For investors, wind turbine repowering offers efficiency and lifespan benefits
According to the U.S. Energy Information Administration - EIA - Independent Statistics and Analysis, a typical turbine installed in 2006 had an average nameplate capacity of 1.6 MW, and a typical turbine installed in 2021 had an average nameplate capacity of 3.0 MW. This is an increase of almost 88% in power output. In the same period, the average rotor diameter increased from 80m to 127m. This represents a growth of more than 58%. These numbers illustrate how effective repowering can be for each turbine.
Wind turbine repowering is the process of upgrading or replacing components of an existing wind turbine to improve its performance and efficiency. The scope of wind turbine repowering can vary from project to project, but the goal is to improve the performance of the wind turbine and maximize its energy production. This can involve replacing wind turbines with newer and larger variants of one or all components such as the blades, nacelle, and the control systems and electronics. The entire wind turbine may be replaced for some projects. Repowering can help to extend the useful life of a wind turbine and increase its energy output, making it more cost-effective. Repowering wind turbines ensures they can produce electricity at a low cost.
The cost of wind turbine repowering depends on factors such as the size of the turbines, the type of components being replaced, the location of the project, and labor and material costs. As with any major capital project, investors should carefully evaluate the cost of wind turbine repowering and weigh it against the expected benefits of increased energy production and cost savings over the life of the wind turbine.
Upgrading existing wind turbines with new technology can increase efficiency, allowing them to produce more energy from the same amount of wind. Repowering can increase the efficiency of wind turbines in several ways:
- Larger rotor diameter: A larger rotor diameter can capture more energy from the wind. The increase in rotor diameter also allows the turbine to generate more power at lower wind speeds.
- Improved technology: Advancements in turbine technology have led to more efficient designs, such as better blade shapes and materials, improved gearboxes, and more efficient generators. These improvements allow the turbine to convert more of the wind energy into electricity.
- Higher hub heights: Older wind turbines were typically built with lower hub heights, which limited the amount of wind energy that could be captured. Newer turbines often have higher hub heights, which allows them to capture stronger and more consistent winds.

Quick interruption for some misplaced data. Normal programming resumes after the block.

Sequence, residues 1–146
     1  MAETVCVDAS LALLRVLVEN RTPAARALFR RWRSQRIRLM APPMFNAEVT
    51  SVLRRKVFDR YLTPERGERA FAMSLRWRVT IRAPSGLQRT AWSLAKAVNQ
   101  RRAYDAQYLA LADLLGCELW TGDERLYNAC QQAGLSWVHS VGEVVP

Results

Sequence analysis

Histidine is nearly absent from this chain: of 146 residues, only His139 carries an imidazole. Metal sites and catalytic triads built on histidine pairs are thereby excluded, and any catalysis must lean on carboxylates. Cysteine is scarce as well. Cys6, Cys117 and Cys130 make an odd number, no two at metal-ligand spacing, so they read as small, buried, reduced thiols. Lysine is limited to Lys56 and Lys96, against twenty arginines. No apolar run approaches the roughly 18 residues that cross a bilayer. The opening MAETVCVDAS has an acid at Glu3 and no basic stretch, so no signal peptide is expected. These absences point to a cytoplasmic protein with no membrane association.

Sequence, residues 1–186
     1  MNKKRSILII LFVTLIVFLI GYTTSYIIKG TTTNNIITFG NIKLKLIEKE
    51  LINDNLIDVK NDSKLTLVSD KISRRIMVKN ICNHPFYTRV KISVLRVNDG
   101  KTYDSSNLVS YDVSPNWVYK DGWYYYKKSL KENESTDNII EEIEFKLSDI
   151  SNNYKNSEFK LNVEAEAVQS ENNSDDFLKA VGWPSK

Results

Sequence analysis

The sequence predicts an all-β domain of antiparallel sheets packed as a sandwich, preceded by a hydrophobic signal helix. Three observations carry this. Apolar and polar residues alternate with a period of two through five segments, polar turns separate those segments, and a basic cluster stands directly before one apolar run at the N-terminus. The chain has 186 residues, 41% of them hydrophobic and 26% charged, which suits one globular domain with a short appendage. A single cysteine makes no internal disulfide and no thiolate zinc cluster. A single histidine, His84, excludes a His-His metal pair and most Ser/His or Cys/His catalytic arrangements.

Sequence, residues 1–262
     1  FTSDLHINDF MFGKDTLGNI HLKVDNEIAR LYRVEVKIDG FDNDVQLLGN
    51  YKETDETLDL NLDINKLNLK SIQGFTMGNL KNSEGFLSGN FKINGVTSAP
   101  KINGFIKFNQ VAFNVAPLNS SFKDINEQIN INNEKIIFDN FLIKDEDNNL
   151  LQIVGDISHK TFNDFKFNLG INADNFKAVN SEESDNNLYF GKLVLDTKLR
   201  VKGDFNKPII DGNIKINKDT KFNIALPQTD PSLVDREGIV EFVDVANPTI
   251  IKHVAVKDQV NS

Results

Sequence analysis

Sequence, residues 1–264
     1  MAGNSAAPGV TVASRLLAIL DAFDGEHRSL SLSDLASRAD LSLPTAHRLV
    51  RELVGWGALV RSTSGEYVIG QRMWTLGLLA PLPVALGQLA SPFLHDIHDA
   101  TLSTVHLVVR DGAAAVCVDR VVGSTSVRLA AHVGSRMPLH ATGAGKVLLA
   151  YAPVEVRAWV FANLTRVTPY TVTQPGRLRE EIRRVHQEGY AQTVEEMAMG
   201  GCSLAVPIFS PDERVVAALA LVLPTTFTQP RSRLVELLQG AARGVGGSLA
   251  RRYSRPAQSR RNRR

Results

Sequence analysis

- Improved control systems: Newer turbines have more sophisticated control systems that can optimize the turbine's performance based on the wind conditions. For example, the turbine may be able to adjust the blade pitch angle or rotor speed to optimize power production based on the wind speed and direction. These control systems can help increase efficiency and reduce maintenance costs.
Incorporating new turbine equipment extends the lifespan of a wind turbine. New turbine equipment does not have any wear. Repowering can help to extend the lifespan of wind turbines, which are typically designed to last for 20-25 years. Repowering can extend the lifespan of a wind turbine in several ways:
- Improved reliability: Older turbines may have components that are more prone to failure due to wear and tear. Repowering involves replacing these components with newer, more reliable ones, which can reduce the risk of downtime.
- Increased capacity: Repowering often involves replacing older turbines with newer, more powerful ones.
- Upgraded technology: Repowering often involves upgrading the technology used in the turbine, such as the control systems or blade materials. These upgrades can improve the turbine's performance and efficiency, which can reduce the stress on the turbine.
- Improved maintenance: Repowering often involves upgrading the maintenance and monitoring systems for the turbine. This can allow for more proactive maintenance, which can catch potential issues before they become serious.
Repowering wind turbines requires checking of components that will not be replaced. It is important for owners of the wind farm to evaluate the following components if they are to stay in service with the repowered turbine.
- Foundation: Evaluate the foundation for remaining useful life, including fatigue analysis, serviceability, and strength.
- Electrical components: Evaluate the electrical components for serviceability, wear, and electrical load.
- Tower: Evaluate the tower for remaining useful life, including fatigue analysis and serviceability.
- Replacement components: Lastly, if you are repowering a turbine, the replacement components may be supplied by a different manufacturer than the originals. It is critical to have a control scheme that operates the wind turbine system within the design parameters of all the components.
Repowering can improve maintenance and can extend operational life. Newer equipment includes newer technology and less maintenance due to less wear. By improving the efficiency of wind turbines, repowering can help to reduce operating costs and increase the overall cost-effectiveness of wind energy.